This result is important, since it tells us when estimating *Q*^{c}(*s*) from experimental data will correspond to estimating crosstalk between measured states in *Y* (*s*). Since necessary and sufficient conditions for identifying *Q*(*s*) and *P* (*s*) have been already characterized [40], this provides conditions for inferring crosstalk from input-output data. For example, a sufficient condition required is that there is an input variable available to excite each measured output of the genetic network attempting to be reconstructed. This allows for the possibility that some biological states are unmeasured and unexcited, but these will be viewed as hidden states that play a role in defining the edge dynamics in *Q*^{c}(*s*).

More generally, even if parameters for *f*^{a}(*x, u*)(*t*) are unknown, the structure of *Q*^{a}(*s*) can be analytically calculated (using a symbolic algebra package). For every zero entry in *Q*^{a}(*s*) (coinciding with designed orthogonality between measured states), we can then estimate *Q*^{c}(*s*) directly.

In practice, estimation of *Q*^{c}(*s*) is also confounded by noise. In our analysis in this paper, we suppose that a series of filters can be applied to eliminate the noise in the data. This may not be the case for biological systems that have been characterized as inherently stochastic, e.g. single cell gene expression dynamics. In such settings, the estimated dynamical structure *Q*^{c}(*s*) is a mixture of the process noise in the system and the crosstalk. From the standpoint of synthetic biocircuit prototyping, both are undesirable in the ultimate iteration of the biocircuit and thus need to be quantified. In this paper, we will demonstrate our theoretical and computational framework with experimental results derived from *in vitro* systems, where signal-to-noise ratios are high and the only sources of noise are measurement noise and pipetting error. For a theoretical treatment of how to reverse engineer *Q*^{c}(*s*) in the presence of process noise or system perturbation, see [74].

An advantage of using *Q*^{c}(*s*) to estimate the crosstalk is that we can use the ℋ_{∞} norm of to calculate the worst-case crosstalk magnitude and *ℋ*_{2} of to calculate the average crosstalk across all frequencies.

### 11.0.1 Quantifying Crosstalk with Q^{c}(s)

Recall the incoherent feedforward loop in subsections 2.1.1 and 2.1.2. In particular, comparing *Q*^{a}(*s*) and *Q*^{c}(*s*) we see that *Q*^{c}(*s*) is a full transfer function matrix
and *Q*^{a}(*s*) is lower-triangular, reflecting the network structure of the intended IFFL. By examining the upper triangular entries in *Q*^{c}(*s*), we can directly examine the effects of degradation crosstalk. In the lower entries of *Q*^{c}(*s*), these crosstalk effects are confounded with the direct interactions modeled in *Q*^{a}(*s*). Although the gain of the entries in *Q*^{c}(*s*) are small, they nonetheless can have a significant effect on the dynamics of the IFFL.

In Figure 11 we plot the time-lapse response of *y*_{2}(*t*) and *y*_{3}(*t*) for varying parameter values of *k*_{2,d} in equation (7). The *k*_{2,d} parameter is a Michaelis constant that determines the effective affinity of substrate *x*_{2} in binding with *C*_{0}. As *k*_{2,d} increases, the affinity of substrate *x*_{2} is diminished, relative to the affinity of *x*_{1} and *x*_{3}. Attenuating *k*_{2,d} can be viewed as similar to swapping out a strong degradation marker for protease degradation with a weaker degradation marker on the species *x*_{2}. In the experimental literature, there are multiple degradation markers for proteins that confer varying binding affinities to an associated protease [75]. In our simulation, we consider five potential values for *k*_{2,d}: 500, 1625, 2750, 3875, and 5000 *µM* corresponding to five artificial LVA markers of varying strengths for the protease ClpXP frequently used in *E. coli*.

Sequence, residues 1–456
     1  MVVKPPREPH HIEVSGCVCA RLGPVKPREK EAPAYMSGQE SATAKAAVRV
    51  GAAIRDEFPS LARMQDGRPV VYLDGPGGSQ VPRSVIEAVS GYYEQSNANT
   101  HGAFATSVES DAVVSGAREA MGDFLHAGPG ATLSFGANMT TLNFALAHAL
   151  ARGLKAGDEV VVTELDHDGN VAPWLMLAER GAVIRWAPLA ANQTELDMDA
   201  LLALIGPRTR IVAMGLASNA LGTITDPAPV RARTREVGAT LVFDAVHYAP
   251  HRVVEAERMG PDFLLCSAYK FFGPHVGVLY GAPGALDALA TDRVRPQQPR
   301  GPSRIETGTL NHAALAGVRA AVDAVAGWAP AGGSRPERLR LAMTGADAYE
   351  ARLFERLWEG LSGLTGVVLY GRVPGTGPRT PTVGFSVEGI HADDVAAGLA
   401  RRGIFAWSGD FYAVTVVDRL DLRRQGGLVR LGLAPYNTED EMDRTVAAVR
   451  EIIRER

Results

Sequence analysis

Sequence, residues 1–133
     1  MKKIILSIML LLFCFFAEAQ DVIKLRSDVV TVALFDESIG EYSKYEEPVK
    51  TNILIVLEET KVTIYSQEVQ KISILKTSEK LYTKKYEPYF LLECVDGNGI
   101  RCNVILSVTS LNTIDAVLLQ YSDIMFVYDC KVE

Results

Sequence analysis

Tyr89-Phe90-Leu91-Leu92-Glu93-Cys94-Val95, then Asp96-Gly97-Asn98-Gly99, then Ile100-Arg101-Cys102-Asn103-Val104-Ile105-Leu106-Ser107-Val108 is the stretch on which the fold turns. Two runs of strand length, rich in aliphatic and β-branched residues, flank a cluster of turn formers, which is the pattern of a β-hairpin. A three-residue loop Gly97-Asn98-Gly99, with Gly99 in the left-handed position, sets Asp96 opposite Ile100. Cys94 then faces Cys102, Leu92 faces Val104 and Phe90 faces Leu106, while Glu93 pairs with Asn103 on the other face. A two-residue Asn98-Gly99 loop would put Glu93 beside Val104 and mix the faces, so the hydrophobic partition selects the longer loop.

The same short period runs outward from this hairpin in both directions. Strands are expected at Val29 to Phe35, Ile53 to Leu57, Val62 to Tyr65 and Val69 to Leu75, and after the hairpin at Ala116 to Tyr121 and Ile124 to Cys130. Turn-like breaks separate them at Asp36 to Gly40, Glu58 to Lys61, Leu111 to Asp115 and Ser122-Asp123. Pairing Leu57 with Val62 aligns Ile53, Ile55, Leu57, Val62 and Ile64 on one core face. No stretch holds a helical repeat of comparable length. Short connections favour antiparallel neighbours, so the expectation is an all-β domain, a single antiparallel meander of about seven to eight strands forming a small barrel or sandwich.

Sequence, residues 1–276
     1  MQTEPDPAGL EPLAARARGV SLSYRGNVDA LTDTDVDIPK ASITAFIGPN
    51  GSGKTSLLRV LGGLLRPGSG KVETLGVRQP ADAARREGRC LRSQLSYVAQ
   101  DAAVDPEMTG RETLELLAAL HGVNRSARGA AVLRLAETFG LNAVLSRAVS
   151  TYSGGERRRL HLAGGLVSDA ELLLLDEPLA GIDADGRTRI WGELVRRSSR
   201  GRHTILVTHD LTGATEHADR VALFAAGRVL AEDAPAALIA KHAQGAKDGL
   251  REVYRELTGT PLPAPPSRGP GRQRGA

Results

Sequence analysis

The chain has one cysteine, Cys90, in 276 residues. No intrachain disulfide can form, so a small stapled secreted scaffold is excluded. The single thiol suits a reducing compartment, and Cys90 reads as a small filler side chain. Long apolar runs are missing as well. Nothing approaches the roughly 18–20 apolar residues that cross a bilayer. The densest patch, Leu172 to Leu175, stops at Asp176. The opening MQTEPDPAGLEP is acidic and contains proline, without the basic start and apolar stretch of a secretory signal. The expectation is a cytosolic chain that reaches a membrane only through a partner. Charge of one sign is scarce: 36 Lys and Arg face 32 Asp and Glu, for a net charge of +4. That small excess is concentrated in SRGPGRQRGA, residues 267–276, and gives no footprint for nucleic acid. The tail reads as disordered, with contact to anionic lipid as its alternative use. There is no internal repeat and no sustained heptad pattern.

Notice that as we decrease the affinity of *y*_{2} for ClpXP, this also coincides with an increased *ζ*_{2} crosstalk magnitude. Here, we have computed . We find that |*ζ*_{2}| increases as *k*_{2,d} increases. In Figure 11B-D, *ζ*_{2} is plotted as a percentage of maximum absolute change across all values of *k*_{2,d}.

We see that the time-lapse response of *y*_{2}(*t*) increases monotonically for all *t* as the crosstalk *ζ*_{2}(*t*) increases. This is consistent with biological intuition, since an increase in competition for resource loading (an increase in *k*_{2,d}) results in prolonged lifetimes of each individual *y*_{2} (TetR-YFP) protein. This in turn results in higher repression levels of *y*_{3} in the incoherent feedforward loop. Increased competition for ClpXP from substrates *y*_{3} and *y*_{1} have the effect of damping *y*_{3} dynamics and reinforcing the pulsatile response of the IFFL. The crosstalk in this circuit thus has the effect of effectively strengthening the negative regulation of *y*_{2} on *y*_{3}, encouraging the downward transient after *t* ≊0.75 hours. Our network analysis shows we can improve the robustness of an IFFL’s pulse by attenuating the relative binding affinity of the repressor to its protease.

In general, crosstalk effects do not necessarily reinforce the feedback architecture of a biocircuit. This underscores the importance of having techniques for quantifying crosstalk in a synthetic gene network and validating that designed interactions are dominant over crosstalk interactions. In the next two sections, we illustrate these concepts with experimental systems implemented *in vitro* and *in vivo*.

## 8 Acknowledgments

We would like to acknowledge Sean Warnick, Vipul Singhal, Shara Balakrishnan, and Anandh Swaminanthan for insightful conversations on network reconstruction algorithms. We would like to thank and acknowledge Victoria Hsiao, Ophelia Venturelli, Clarmyra Hayes, Emmanuel de los Santos, Joe Meyerowitz, and Zachary Sun for guidance with experimental techniques. This work was supported by the Engineering and Physical Sciences Research Council, the Luxembourg National Research Foundation, Air Force Office of Scientific Research, Grant FA9550-14-1-0060, the Defense Advanced Research Projects Agency, Grants HR0011-12-C-0065 and FA8750-19-2-0502, the Army Research Office Young Investigator Program, Grant W911NF-20-1-0165, the National Science Foundation, Grant 1317291, and the John and Ursula Kanel Charitable Foundation.